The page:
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Assume I do own a computer, a USB-connected keyboard and a USB-connected contact-based (trusted) chipcard reader with a hardware pinpad.

There are now two types of smartcards relevant to this question

  1. The ones that establish a secure channel (TLS-like for APDU transport) between the middleware on the computer and the card. They require keyboard based PIN entry.
  2. The others don't establish a secure channel between the middleware and the card. They can use the HW pinpad of the chipcard reader.

Which of the two approaches provide less attack surface e.g. is likely to be more secure?

The trade-off I see here is the following:

  • The cards without a secure channel may be vulnerable to malicious modification of APDUs in-transfer and to eavesdropping on computation results and especially malicious modification of what is being signed by the card
  • The cards with a secure channel suffer from the standard threat of key-loggers and similar software and thus would allow for unlimited legitimate use of the card while it's inserted

Note: The fact that there are less possible PINs (= passwords) with pinpads shall not matter to this question as well as the remote usage scenario of such a card. The secure channel may be assumed to be actually secure and the middleware may be assumed to have been coded properly, but the PIN would still be supplied from a (potentially buggy) user application (like Firefox, pkcs11-tool, Windows, ...) using their own dialogues.

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The attack surface is smaller with the hardware PIN pad. The secure channel between the smart card driver and the card can't protect against snooping over USB between the keyboard and the computer, nor can it protect the key presses from being read when they reach the OS before going to the smart card driver and then the secure channel. Both of these threats fall under the key logger attacks you mentioned, and both are mitigated strongly by hardware PIN entry because there's no pluggable USB path to monitor, nor is there a complex kernel and driver infrastructure handling each key press. Some hardware PIN devices even have tamper-evident housing to reveal if someone tried to implant monitoring in the pad itself.

Regardless of how the PIN reaches the card, there is still the threat of malicious challenges being signed by the card after the PIN has unlocked the signing function. Aside from using air-gap security, one way to detect malicious behavior is knowing how many things you're intending to sign (possibly with an audit log) and matching the expected signatures against the counter on the card, which is like an odometer for signing operations.

A hardware PIN pad can also make malicious signing requests obvious because an attacker would have to make your card sign their data instead of yours, which would then require another signature to happen for your data. Hardware PIN pads help here by always requiring PIN entry for each signature. If you enter your PIN, something gets signed, and it's not the thing you needed signed, something fishy may be going on. While you can configure something like GnuPG to require a PIN for each signature or challenge, you're at risk of an attacker re-enabling PIN caching to sign both the malicious data and your own with one PIN entry.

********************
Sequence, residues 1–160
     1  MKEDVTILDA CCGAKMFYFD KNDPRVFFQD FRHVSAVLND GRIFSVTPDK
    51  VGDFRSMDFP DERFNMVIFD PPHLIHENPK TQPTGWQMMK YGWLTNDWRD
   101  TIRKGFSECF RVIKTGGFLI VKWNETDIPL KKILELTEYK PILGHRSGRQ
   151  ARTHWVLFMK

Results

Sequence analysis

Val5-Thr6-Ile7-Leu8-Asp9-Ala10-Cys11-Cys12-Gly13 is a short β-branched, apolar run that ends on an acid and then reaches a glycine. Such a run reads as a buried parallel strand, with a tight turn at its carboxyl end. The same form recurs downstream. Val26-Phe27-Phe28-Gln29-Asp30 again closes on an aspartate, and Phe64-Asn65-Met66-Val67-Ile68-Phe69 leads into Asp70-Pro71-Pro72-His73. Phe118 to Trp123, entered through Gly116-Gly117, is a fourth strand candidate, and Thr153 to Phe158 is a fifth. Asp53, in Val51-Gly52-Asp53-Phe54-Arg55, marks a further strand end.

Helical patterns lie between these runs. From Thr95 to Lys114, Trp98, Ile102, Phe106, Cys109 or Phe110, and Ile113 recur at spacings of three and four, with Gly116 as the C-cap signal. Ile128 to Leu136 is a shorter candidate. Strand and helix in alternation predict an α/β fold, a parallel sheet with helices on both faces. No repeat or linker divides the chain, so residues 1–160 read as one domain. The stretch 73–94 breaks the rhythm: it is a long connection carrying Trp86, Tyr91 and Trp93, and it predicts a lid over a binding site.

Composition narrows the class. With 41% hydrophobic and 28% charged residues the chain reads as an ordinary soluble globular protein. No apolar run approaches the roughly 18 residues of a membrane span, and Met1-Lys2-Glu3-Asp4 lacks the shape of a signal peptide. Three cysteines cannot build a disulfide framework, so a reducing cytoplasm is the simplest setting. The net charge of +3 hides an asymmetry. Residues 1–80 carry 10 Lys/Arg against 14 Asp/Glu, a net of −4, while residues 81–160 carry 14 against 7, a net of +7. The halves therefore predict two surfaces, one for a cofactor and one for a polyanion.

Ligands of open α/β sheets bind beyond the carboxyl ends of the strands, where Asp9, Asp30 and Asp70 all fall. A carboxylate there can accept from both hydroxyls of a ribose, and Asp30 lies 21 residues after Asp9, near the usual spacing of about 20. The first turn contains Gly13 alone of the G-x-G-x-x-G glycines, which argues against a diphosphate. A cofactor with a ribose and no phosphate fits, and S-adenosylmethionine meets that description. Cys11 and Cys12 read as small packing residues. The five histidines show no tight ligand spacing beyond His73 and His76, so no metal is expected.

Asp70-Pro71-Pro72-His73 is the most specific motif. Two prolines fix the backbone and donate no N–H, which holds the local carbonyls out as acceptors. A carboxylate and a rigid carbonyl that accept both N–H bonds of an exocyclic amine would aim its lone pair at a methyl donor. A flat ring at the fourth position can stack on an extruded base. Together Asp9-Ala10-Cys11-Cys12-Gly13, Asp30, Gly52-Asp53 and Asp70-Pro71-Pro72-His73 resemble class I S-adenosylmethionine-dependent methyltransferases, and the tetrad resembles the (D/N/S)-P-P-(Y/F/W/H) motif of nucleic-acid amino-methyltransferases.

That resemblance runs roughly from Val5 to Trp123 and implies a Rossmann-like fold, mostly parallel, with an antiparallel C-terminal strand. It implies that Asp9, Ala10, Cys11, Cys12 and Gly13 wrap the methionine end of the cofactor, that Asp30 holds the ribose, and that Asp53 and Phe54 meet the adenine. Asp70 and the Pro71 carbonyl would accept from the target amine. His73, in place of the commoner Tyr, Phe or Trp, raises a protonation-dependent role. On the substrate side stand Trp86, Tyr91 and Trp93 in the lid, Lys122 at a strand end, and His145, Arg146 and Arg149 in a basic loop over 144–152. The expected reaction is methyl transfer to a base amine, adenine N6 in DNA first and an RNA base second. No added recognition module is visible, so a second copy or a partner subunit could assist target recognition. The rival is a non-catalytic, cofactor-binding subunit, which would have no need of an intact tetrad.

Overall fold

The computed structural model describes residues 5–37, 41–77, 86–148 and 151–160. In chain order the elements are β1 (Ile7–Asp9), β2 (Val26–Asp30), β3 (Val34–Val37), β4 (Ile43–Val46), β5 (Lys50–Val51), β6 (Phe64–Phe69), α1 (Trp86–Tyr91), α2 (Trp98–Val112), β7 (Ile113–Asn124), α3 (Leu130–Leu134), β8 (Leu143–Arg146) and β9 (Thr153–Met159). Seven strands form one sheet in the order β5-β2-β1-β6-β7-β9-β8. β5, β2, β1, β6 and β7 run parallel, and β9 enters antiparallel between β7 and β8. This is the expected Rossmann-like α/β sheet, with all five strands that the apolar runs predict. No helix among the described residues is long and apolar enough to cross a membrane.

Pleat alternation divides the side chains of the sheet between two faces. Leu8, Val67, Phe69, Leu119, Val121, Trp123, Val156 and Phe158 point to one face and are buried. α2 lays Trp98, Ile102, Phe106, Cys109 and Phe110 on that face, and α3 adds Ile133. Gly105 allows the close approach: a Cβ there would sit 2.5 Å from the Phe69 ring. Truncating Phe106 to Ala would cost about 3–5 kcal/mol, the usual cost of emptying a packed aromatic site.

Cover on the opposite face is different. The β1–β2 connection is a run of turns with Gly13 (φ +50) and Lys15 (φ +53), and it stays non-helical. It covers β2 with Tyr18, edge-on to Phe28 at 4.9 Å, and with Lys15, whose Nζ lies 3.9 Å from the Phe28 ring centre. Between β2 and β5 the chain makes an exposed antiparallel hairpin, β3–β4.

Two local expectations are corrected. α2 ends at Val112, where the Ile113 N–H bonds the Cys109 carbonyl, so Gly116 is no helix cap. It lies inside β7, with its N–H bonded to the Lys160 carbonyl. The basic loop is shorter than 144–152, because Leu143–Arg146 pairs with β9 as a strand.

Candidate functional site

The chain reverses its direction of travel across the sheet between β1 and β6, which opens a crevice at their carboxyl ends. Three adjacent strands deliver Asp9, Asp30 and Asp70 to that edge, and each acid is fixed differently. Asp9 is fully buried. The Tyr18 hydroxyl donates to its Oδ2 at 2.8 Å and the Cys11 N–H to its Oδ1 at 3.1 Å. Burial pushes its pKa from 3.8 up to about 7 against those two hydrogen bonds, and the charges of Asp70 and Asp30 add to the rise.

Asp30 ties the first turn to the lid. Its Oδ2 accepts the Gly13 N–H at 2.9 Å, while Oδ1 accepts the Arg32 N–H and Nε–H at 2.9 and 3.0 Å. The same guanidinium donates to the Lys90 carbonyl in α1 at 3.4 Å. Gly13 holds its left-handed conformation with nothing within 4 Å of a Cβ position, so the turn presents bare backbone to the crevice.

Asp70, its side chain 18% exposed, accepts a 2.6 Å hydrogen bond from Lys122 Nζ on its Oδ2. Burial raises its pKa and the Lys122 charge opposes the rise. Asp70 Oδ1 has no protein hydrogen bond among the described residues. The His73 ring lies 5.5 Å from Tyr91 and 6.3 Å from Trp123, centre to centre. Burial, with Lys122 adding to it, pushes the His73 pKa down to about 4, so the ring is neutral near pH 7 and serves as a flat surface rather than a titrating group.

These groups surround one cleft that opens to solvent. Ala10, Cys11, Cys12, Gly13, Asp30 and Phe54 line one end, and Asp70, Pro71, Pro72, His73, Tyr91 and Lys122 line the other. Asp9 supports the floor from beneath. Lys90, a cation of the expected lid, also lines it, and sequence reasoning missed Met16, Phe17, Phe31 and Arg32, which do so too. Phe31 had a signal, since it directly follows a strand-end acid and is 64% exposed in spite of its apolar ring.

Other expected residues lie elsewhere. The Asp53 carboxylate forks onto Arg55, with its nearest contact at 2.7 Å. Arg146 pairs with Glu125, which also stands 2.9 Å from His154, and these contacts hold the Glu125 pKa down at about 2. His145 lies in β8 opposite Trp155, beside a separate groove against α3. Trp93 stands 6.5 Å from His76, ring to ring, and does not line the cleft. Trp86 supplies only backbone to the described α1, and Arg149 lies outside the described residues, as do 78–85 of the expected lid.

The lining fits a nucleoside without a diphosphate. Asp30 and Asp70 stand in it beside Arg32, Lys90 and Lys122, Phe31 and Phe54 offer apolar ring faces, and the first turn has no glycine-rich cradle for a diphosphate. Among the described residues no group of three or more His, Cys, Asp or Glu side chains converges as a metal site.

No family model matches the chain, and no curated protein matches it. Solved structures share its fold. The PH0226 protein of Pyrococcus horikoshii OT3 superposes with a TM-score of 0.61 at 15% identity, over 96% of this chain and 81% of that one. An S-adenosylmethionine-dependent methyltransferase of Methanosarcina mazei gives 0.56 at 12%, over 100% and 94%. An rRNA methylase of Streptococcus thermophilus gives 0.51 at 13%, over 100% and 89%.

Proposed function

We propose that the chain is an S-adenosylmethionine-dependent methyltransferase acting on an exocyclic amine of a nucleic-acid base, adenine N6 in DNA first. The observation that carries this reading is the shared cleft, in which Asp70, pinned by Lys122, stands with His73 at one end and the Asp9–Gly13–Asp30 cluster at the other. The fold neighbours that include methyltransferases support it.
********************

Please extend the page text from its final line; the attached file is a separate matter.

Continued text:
Devices like the YubiKey 4 have a lighter version of this protection where you have to tap the card for each signature. This still provides a good way to detect someone maliciously having their data signed instead of yours (because you'd tap, and something would get signed, but your data would not yet be signed).

I don't think the secure channel is enough to prevent malicious signatures from being created because it only closes the attack between the driver and the card, while something outside that system has to initiate the signature process. Malware on the same OS would still be able to request signatures.

On the other hand, without the secure channel, an attacker might be able to monitor signatures over the USB interface to the reader, but that's the same attack that could capture a PIN entry from a standard keyboard and then directly request signatures from the card. The PIN capture attack is the easier one, too. I can buy a key logger off Amazon.com, but I doubt I'd be easily able to get my hands on a pre-made tool to intercept smart card signing traffic. Once I have the PIN, I could run a USB host connected to the card reader via something like a Raspberry Pi, and I'd be able to sign away the next time the card gets inserted.

In summary, a hardware PIN pad provides effective protection against malicious PIN capture as well as easy detection of malicious signing requests (via one PIN entry = one signature). Barring air-gap security and heavy audit procedures, that's the best you can do.

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